PLF is back at the High Court, with another case for liberty and limited government!
Our eighth U.S. Supreme Court case can set a major precedent for property rights
Left to right
: Coy Koontz Jr., Mary Koontz, the late Coy Koontz, Sr.
More than 10,000 cases are appealed to the United States Supreme Court each year, but fewer than 100 are accepted — less than one percent.
Now, another PLF case — the eighth in our history — has made it into that select circle.
The Court’s announcement that it will hear PLF’s case of Koontz v. St. Johns River Management District came only months after the unanimous ruling in our last Supreme Court case — Sackett v. EPA, where we established that EPA is answerable to the courts when it hits property owners with onerous “wetlands mitigation orders.”
As with our past High Court victories, the Koontz case could result in a precedent-setting decision for liberty!
In addition to this Supreme Court announcement, the importance of PLF’s mission was also driven home by the elections. D.C.’s “status quo” was left in place, with less hope for pro-freedom reforms from elected officials. More than ever, PLF’s work in the courts — including the Supreme Court — is where the action is!
In the Koontz case, the family we’re defending was hit with a government extortion scheme when they sought a land use permit for their property in central Florida. Their case is important for all property owners. It follows up on PLF’s landmark victory at the Supreme Court 25 years ago, in Nollan v. California Coastal Commission.
Nollan held that the permitting process can’t be used to extort and extract concessions that have no relationship to the development proposal.
The Koontz case asks: Does Nollan prohibit confiscatory demands for money as well as land?
Our client, Coy Koontz Jr., is carrying on the fight for property rights and constitutional principles that his father, Coy Sr., waged heroically for a decade before he passed away.
Government’s extortionate demands
For years, Coy Koontz, Sr. sought to develop a few acres of land in Orange County, Florida. But the St. Johns River Water Management District refused permission, because Mr. Koontz would not agree to costly and unjustified conditions.
Mr. Koontz offered to dedicate 11 acres of his own land in the vicinity (nearly 80 percent of his property) to the state for conservation. But the District was not satisfied. Instead, it demanded that Mr. Koontz pay to replace culverts and plug ditches on District property up to seven miles away — at a cost of up to $150,000!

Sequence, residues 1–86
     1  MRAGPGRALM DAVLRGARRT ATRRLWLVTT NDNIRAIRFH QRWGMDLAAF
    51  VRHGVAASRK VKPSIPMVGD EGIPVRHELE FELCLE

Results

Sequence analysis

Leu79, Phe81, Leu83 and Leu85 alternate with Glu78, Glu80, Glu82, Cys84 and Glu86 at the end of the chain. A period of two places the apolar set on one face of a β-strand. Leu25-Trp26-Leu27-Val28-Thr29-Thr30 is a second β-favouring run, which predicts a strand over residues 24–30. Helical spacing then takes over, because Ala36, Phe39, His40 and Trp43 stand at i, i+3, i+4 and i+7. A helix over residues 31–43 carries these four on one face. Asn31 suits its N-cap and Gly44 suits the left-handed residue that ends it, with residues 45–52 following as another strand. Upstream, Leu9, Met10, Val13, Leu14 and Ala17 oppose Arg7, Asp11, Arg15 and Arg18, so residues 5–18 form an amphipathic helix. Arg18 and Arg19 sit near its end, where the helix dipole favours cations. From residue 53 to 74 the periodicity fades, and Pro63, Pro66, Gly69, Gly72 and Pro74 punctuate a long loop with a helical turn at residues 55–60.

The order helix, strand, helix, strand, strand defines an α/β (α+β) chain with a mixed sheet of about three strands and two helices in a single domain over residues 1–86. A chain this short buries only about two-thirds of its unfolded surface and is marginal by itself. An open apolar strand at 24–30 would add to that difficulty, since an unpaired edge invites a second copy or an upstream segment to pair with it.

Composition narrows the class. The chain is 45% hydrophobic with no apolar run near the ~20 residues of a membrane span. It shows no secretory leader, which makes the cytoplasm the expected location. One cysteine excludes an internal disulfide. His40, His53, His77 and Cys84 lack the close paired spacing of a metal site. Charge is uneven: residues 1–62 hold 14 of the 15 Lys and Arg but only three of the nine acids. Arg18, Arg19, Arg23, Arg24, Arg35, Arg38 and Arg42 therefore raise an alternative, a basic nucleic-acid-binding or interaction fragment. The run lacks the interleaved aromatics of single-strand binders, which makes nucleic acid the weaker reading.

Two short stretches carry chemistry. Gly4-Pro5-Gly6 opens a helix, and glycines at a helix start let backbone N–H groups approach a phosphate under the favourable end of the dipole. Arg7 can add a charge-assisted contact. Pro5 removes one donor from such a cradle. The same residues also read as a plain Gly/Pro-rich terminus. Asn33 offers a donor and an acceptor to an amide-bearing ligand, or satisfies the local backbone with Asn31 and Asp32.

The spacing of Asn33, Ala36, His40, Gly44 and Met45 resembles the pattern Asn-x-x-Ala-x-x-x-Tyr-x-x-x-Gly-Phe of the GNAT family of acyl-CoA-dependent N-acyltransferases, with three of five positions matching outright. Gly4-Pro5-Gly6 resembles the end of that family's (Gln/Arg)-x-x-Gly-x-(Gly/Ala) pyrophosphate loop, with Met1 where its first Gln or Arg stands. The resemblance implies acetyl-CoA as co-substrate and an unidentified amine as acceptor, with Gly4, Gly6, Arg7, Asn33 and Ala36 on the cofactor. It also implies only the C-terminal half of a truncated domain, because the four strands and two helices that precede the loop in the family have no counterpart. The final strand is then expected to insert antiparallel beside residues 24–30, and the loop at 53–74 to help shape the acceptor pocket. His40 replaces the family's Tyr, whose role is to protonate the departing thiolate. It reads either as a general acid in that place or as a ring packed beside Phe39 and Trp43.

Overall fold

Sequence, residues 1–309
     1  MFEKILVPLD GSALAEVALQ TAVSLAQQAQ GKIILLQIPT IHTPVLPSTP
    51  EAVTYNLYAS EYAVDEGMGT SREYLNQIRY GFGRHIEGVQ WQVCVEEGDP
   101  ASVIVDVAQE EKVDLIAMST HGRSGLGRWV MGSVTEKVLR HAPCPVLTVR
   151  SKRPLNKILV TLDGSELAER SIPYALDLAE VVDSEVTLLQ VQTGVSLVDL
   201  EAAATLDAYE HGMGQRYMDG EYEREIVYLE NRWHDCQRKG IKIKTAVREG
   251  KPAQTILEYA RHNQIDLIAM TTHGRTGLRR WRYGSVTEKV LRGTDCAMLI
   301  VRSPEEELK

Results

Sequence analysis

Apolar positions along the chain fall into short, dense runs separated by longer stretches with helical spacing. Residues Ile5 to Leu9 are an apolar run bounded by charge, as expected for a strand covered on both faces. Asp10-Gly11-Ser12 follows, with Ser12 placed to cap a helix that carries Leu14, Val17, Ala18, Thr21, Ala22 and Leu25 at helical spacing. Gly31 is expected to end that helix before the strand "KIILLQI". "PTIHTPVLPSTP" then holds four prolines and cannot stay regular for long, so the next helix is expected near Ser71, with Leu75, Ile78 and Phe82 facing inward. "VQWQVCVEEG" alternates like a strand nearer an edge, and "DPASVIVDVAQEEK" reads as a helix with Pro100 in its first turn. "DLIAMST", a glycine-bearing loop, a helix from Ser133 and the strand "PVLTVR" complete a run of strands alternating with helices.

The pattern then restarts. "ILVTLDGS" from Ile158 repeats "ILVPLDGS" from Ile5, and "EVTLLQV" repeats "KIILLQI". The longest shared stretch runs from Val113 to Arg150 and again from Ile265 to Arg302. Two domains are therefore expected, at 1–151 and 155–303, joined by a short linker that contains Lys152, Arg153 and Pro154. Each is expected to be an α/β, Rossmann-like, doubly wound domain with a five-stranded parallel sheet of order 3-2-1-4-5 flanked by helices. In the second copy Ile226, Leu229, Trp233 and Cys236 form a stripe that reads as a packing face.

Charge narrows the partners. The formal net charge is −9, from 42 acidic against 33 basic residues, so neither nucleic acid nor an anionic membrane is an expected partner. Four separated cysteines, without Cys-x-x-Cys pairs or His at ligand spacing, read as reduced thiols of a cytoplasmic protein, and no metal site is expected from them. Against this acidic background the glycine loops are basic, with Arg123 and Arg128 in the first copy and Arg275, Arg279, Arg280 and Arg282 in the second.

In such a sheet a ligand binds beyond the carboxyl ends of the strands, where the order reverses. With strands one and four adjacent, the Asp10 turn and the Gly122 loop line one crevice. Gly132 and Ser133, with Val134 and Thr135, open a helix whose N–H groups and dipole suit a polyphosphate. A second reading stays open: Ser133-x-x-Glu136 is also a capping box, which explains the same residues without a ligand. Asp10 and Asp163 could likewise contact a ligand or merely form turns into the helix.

“The District never demonstrated how the off-site improvement of 50 acres of wetlands on government lands was related to the alleged impact of Mr. Koontz’s proposed development on little more than three acres of his own property,” said PLF Principal Attorney Paul J. Beard II.
After Florida’s Supreme Court turns a blind eye to a taking, PLF takes the fight to U.S. Supreme Court
Mr. Koontz refused the District’s unreasonable demand — so the District denied his permit.
He sued, arguing that his Fifth Amendment rights had been violated. But he passed away before the litigation moved forward through the courts.
Although the trial and appellate courts ruled for the Koontz family’s claim for damages, the Florida Supreme Court reversed, denying that an unconstitutional taking had occurred.
So, Coy Koontz Jr. turned to PLF for help, as so many landowners have done before.
Paul J. Beard II, PLF Principal Attorney
“We petitioned the U.S. Supreme Court to take the case, because the Koontz family was victimized and needed help, and important constitutional rights were at stake,” said Beard. “The District used the permit process for its own gain, not for a reasonable regulatory purpose.”
“I am very grateful to PLF, because what happened to my father and my family shouldn’t happen to any property owner,” said Coy Koontz Jr.
“Property owners large and small, from coast to coast, should be thankful that the U.S. Supreme Court has accepted this important property rights case,” said Beard.
“If the Koontz family can be hit with the rip-off that happened in this case, then everybody’s property rights are at risk. The Koontz family merely wanted to exercise their rights as property owners, to develop the family’s land in legal and responsible ways. But regulators saw a chance to pounce and make all kinds of costly, unrelated, outrageous demands. This was a flat-out shakedown. The Supreme Court is to be applauded for deciding to weigh in on this injustice.”
PLF is America’s leading defender of property rights — and our donors make it all possible!
When Paul Beard stands up at the Supreme Court to argue the Koontz case this winter, he’ll be defending a family that was targeted by a greedy government agency. But he’ll also be speaking on behalf of our thousands of liberty-loving supporters from coast to coast.
It’s our donors who make PLF America’s premier defender of property rights.
PLF’s work has changed the landscape of the law — and the course of American history — and with the Koontz case, we’re preparing to do so again! THANK YOU! Please be generous so we can keep “rescuing liberty” — from county courts all the way to the Supreme Court!
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Pacific Legal Foundation